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Happy World Breastfeeding Week! A PSA from LeadingLady.com

Thursday, August 2, 2012

Happy World Breastfeeding Week! In celebration of this special week, Leading Lady would like to share some fun, interesting and useful facts about breastfeeding and nursing bras. Whether you are currently breastfeeding, plan to, or have nursed your babies, read on! We encourage you to put these tips to use, and share with those who have supported your breastfeeding journey. Also, please check out our World Breastfeeding Week discount below, which you can pass along to all of the new mamas in your life.&

Did you know… 
  1. As early as your second trimester, your breasts are capable of producing milk. This is why many women feel their breasts are heavier and larger during pregnancy. 
  2. You can wear nursing bras during pregnancy. By the third trimester you should shop for nursing bras to be prepared for the baby. But don’t be shy about wearing your new bras during pregnancy since they should be comfortable and support your current size. Look for stretchy leisure styles with give-and-take. Nursing camis are also a great choice once the baby arrives because they allow easy nursing access while still covering your post-bump belly. 
  3. Studies show that moms who breastfeed within the first hour of giving birth are more likely to have long-term success. So bring your nursing bras to the hospital because you will need them right away! If you experience any difficulty, ask to see the hospital’s lactation consultant. And hang in there – you are giving your baby a wonderful gift! 
  4. Your milk levels will stabilize about 4 to 6 weeks after delivery. You should re-measure yourself for nursing bras around this time, and you may be able to transition into more structured styles 
  5. Your bra size may continue to fluctuate somewhat throughout the course of breastfeeding. Bra styles with 4 hook-and-eye closures in back and adjustable straps allow for these common differentiations.
  6. You should not be afraid to try underwire nursing bras if that is the style you find most supportive. Just as you would with all other bras, you should ensure a proper fit. A proper fitting bra will allow your breasts to sit upright and centered on your chest, and the straps will remain in place while you are moving.
  7. Your breasts will need constant support while breastfeeding, and you will likely want to sleep in a bra while nursing. Sleep bras, leisure bras, nursing camis or a nursing chemise made of soft, stretchable fabrics will keep you supported day and night, and make night time feedings easier.
  8. Nursing bras can be cute and sexy too! You (and your partner) will be pleased to know that nursing bras are not all plain and matronly. From lace cup to lace trim, your nursing bras can be just as flirty as your regular bras!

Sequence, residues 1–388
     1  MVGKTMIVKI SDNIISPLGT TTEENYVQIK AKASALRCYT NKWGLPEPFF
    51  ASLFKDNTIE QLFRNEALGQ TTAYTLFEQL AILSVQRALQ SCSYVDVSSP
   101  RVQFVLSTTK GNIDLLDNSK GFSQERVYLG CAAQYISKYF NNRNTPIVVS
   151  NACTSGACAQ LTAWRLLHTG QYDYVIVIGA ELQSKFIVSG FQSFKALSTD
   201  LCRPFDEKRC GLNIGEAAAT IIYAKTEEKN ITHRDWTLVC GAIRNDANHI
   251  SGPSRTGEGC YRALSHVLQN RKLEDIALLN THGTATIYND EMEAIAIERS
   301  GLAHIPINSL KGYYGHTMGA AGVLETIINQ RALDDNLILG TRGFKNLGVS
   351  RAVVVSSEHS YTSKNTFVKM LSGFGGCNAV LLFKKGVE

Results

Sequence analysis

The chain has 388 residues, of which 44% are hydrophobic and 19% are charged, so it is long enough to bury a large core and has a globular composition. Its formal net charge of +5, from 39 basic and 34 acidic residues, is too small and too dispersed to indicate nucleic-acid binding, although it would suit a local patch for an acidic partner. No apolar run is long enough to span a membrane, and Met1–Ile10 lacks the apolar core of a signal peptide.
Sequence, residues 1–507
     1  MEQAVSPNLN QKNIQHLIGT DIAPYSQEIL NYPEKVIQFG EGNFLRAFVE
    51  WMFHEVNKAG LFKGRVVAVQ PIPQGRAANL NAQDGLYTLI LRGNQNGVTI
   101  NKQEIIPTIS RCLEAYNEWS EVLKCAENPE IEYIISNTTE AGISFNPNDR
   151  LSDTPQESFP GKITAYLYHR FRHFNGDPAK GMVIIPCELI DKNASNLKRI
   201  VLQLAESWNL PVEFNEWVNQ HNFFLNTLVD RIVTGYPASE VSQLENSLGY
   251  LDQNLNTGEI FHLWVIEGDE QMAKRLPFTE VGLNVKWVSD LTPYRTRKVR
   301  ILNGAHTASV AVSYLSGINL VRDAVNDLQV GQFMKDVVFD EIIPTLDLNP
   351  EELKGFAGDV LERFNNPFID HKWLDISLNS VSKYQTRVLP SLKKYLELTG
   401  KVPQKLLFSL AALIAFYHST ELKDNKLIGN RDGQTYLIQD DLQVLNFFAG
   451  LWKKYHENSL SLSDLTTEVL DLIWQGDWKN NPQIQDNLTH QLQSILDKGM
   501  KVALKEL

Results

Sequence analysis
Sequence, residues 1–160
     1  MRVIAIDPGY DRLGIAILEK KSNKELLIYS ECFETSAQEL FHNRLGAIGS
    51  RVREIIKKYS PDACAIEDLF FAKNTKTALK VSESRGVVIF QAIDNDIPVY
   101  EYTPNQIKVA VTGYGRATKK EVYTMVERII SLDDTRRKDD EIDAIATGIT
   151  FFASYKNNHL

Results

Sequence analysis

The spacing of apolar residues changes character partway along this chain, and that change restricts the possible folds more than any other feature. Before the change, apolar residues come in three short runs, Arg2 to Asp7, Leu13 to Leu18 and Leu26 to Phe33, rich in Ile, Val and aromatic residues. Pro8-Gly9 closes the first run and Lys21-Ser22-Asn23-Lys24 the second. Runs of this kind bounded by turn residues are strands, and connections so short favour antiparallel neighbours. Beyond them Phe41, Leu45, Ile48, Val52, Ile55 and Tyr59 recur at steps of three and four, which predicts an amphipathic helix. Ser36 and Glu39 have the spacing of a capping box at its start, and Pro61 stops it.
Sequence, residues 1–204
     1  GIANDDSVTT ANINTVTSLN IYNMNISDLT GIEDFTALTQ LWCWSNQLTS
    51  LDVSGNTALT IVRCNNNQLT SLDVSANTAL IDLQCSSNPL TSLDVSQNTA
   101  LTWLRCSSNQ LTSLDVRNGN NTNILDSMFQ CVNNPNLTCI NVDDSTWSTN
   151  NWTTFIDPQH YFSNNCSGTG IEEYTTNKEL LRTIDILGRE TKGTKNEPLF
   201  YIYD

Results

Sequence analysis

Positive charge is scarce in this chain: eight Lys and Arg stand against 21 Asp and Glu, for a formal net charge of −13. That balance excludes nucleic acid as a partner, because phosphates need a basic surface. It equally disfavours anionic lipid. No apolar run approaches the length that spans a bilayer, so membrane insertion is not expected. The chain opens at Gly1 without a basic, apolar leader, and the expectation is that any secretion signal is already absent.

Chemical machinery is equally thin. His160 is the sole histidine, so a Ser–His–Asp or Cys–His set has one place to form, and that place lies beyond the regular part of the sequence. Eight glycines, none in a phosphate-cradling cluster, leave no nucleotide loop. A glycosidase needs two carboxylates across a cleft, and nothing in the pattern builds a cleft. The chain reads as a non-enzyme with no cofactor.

9. Accessibility is one of the most important factors in a nursing bra. There are a variety of closure styles including cup clasps and hook-and-eye front closures. Play around with which style best suits your needs.
  10. You should replace your nursing bras about every six months or when they have lost their shape and support.
For more information about finding just the right nursing bra fit, breastfeeding tips & advice from Leading Lady’s lactation consultant, a downloadable breastfeeding handbook and our nursing blog, visit LeadingLady.com

This is not a sponsored post. No compensation or gifts were exchanged.

6 comments:

Maureen Sklaroff said...

Nighttime nursing bras are always the hardest for me. It seems that I invariably roll over on one side or something, which puts pressure on that breast and the pads have always slid off to the side, of course. So I wake up in a puddle of milk, which is just not comfortable.

Ellen said...

Wow I had no idea and appreciate you sharing the information.

bloggingwhilenursing said...

I love all the tips that you shared. The sad part of finding a nursing bra is all the variations you'll end up buying to accommodate your different sizes.

Suburban Style Challenge said...

I'm not ready for kids yet, so I'm not really all about this kind of info, but it was pretty interesting! Thanks for sharing. I imagine I'll have friends heading towards motherhood soon and I'll be sure to pass along the info!

Kristin said...

Great tips!! I breastfed when I could...unfortunately, I had a toddler who was very ill and was in the hospital for a month, so I was unable to nurse my newborn at that time. Big disappointment, but things happen outside of our control. :(

Lena & Alex said...

When I hear breastfeeding, all I want is to say LALALALA, mainly because it was such a sore topic for me. I tried I did my best, but 6 months of torture and not producing enough just drove me insane

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